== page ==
First, we share in the heart-felt sorrow of everyone who has lost a loved one during the COVID-19 pandemic. We cannot let the enormity of the collective loss overshadow such personal pain. We must also recognize that existing and unaddressed injustices – structural racism and health care disparities – have amplified the impact that the pandemic has had on communities of color, especially the Disabled Black, Latinx, Indigenous and Immigrant communities. We are united with the rest of the social justice movements in continuing our fight for justice, while at the same time, many of us fight for our very lives.
Disabled and elderly people in nursing facilities and other institutions across the United States are dying from COVID-19. For many, news of the first deaths at the Kirkland nursing facility in Washington state was horrifying and shocking. Now, weeks into the pandemic – deaths in nursing facilities and other institutions have become ubiquitous. More people in these institutions die every day from COVID-19, and many of these deaths won’t ever be counted as part of the official COVID-19 death toll.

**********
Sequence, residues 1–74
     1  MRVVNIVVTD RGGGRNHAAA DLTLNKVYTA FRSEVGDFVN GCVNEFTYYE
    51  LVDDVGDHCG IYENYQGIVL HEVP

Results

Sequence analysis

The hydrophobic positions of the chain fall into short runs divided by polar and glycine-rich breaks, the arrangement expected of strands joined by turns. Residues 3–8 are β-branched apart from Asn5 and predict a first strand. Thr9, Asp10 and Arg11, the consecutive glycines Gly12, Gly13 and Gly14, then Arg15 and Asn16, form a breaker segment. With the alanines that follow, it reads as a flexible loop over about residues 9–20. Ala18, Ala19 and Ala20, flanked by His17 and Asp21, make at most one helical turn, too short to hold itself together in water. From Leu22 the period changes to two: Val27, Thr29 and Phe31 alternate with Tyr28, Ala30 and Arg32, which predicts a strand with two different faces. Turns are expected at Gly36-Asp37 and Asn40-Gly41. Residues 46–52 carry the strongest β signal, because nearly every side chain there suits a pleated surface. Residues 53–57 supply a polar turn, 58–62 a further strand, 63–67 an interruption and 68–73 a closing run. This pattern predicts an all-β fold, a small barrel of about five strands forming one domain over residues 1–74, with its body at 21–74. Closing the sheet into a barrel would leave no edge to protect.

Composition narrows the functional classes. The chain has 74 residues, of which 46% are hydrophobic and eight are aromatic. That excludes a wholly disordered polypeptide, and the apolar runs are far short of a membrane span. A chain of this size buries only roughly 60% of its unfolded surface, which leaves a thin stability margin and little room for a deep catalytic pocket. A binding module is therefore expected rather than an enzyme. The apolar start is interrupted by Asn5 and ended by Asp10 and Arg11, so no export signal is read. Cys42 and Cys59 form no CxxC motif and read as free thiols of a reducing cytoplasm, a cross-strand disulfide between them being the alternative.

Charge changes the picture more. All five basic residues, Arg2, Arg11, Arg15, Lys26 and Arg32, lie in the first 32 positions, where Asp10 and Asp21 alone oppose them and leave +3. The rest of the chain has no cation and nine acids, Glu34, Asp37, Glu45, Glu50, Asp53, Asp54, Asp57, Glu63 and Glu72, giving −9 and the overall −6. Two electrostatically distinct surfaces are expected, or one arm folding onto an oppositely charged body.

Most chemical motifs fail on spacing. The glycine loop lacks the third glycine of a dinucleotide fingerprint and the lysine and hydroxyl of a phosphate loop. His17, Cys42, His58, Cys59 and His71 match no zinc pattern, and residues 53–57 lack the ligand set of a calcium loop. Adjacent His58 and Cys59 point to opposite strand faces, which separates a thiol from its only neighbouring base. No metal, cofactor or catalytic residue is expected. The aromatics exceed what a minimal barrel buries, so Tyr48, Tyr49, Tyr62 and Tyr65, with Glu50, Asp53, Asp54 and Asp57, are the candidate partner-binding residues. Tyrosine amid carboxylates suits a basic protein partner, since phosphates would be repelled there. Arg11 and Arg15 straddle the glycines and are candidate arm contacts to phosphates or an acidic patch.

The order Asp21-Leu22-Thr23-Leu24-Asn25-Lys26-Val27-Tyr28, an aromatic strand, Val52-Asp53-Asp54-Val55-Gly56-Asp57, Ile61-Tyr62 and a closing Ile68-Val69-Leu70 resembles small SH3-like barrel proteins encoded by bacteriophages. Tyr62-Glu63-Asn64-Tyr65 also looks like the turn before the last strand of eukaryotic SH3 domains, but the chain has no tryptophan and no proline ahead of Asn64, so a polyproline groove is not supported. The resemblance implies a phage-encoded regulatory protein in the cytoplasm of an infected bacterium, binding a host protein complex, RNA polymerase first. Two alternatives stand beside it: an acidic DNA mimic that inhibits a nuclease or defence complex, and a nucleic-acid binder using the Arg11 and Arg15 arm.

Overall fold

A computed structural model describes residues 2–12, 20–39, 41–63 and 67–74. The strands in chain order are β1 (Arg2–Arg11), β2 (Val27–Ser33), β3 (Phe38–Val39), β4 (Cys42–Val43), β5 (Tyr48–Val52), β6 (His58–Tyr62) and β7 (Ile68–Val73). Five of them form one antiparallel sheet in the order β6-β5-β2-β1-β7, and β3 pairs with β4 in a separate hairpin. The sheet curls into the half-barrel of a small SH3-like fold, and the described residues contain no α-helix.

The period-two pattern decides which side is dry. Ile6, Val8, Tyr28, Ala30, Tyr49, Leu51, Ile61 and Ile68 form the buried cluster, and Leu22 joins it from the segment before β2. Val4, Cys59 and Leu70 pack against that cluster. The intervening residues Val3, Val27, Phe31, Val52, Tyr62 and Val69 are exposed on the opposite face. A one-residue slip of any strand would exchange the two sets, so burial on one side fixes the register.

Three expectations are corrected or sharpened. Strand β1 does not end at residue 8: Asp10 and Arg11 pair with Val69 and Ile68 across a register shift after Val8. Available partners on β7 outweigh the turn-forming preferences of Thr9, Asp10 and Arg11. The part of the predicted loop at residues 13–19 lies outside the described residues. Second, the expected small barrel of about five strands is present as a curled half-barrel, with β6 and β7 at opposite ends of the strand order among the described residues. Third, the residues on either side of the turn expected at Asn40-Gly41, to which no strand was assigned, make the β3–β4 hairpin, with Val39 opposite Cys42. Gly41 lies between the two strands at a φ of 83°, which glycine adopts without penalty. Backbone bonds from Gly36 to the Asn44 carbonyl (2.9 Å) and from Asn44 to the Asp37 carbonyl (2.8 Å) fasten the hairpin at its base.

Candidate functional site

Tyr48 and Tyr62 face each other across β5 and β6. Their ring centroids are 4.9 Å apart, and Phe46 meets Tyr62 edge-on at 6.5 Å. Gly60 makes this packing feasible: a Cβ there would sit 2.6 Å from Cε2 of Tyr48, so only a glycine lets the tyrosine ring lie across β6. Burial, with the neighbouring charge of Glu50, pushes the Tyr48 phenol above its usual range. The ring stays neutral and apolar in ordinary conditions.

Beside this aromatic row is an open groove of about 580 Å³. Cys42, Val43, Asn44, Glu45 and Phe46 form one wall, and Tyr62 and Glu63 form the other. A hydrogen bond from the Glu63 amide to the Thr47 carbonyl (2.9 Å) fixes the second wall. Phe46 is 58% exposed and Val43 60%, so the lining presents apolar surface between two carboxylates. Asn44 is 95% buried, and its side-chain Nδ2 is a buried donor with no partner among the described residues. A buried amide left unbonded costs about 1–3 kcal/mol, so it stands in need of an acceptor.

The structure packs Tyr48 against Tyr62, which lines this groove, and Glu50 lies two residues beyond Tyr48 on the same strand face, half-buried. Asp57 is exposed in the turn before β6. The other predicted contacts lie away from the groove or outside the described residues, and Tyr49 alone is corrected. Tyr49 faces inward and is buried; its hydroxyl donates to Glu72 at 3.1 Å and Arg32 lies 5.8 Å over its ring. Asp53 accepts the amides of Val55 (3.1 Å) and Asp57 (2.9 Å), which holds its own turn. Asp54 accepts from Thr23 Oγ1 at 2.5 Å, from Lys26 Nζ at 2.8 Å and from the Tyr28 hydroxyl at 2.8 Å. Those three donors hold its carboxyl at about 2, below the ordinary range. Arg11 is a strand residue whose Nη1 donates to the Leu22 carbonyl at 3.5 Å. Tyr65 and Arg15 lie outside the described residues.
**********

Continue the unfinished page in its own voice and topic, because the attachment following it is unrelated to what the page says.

The most effective tool to stop COVID-19 is social distancing, but that isn’t an option for people in nursing facilities and other institutions. These individuals have no private space where they can retreat. They are defenseless. The risk is even greater because people who assist them may work in multiple facilities which increases the opportunity for spreading infection and illness. In fact, one nursing facility administrator has urged families to take their institutionalized relatives from his facility and bring them home because he simply cannot protect them.
The problem is that these families don’t have that option. If community living for Disabled and elderly Americans were actually a viable option, many of these family members would never have ended up in the institution in the first place.
The policies and practices that drive us into institutions are as common as the fear of the coronavirus. Some of us are forced into institutions because the state or managed care company refuses to pay for services and supports we need to live in freedom. Some are denied services because of racial bias. Others cannot remain at home because there is no basic access, and many simply can no longer afford housing because most of our money goes to the state in order to qualify for Medicaid. Consequently, we are forced into dangerous and expensive institutions.
Nursing facilities are not the only institutions placing people at risk of COVID-19. ADAPT is in solidarity with immigration advocates who are calling for the release of people being held in detention centers. We embrace the call to action by justice reform advocates who are demanding the release of those who are incarcerated. While the rest of America is being repeatedly told to “stay at home,” we all are locked away and our lives hang in the balance.